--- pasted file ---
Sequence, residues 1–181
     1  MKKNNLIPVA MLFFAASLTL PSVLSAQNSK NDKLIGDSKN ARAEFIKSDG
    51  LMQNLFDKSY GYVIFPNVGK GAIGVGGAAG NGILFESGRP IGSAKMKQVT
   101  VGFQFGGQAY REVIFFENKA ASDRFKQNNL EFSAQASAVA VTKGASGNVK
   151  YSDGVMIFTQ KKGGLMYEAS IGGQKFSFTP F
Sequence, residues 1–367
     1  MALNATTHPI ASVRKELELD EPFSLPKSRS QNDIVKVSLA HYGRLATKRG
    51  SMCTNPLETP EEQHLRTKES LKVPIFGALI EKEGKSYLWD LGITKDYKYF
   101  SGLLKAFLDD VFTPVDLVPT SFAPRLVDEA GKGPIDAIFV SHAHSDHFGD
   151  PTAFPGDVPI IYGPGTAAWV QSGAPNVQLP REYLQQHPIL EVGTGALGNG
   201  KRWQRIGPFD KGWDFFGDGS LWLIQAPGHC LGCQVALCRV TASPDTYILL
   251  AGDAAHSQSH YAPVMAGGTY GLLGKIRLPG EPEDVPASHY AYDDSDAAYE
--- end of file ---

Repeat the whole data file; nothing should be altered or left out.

Sequence, residues 1–181
     1  MKKNNLIPVA MLFFAASLTL PSVLSAQNSK NDKLIGDSKN ARAEFIKSDG
    51  LMQNLFDKSY GYVIFPNVGK GAIGVGGAAG NGILFESGRP IGSAKMKQVT
   101  VGFQFGGQAY REVIFFENKA ASDRFKQNNL EFSAQASAVA VTKGASGNVK
   151  YSDGVMIFTQ KKGGLMYEAS IGGQKFSFTP F
Sequence, residues 1–367
     1  MALNATTHPI ASVRKELELD EPFSLPKSRS QNDIVKVSLA HYGRLATKRG
    51  SMCTNPLETP EEQHLRTKES LKVPIFGALI EKEGKSYLWD LGITKDYKYF
   101  SGLLKAFLDD VFTPVDLVPT SFAPRLVDEA GKGPIDAIFV SHAHSDHFGD
   151  PTAFPGDVPI IYGPGTAAWV QSGAPNVQLP REYLQQHPIL EVGTGALGNG
   201  KRWQRIGPFD KGWDFFGDGS LWLIQAPGHC LGCQVALCRV TASPDTYILL
   251  AGDAAHSQSH YAPVMAGGTY GLLGKIRLPG EPEDVPASHY AYDDSDAAYE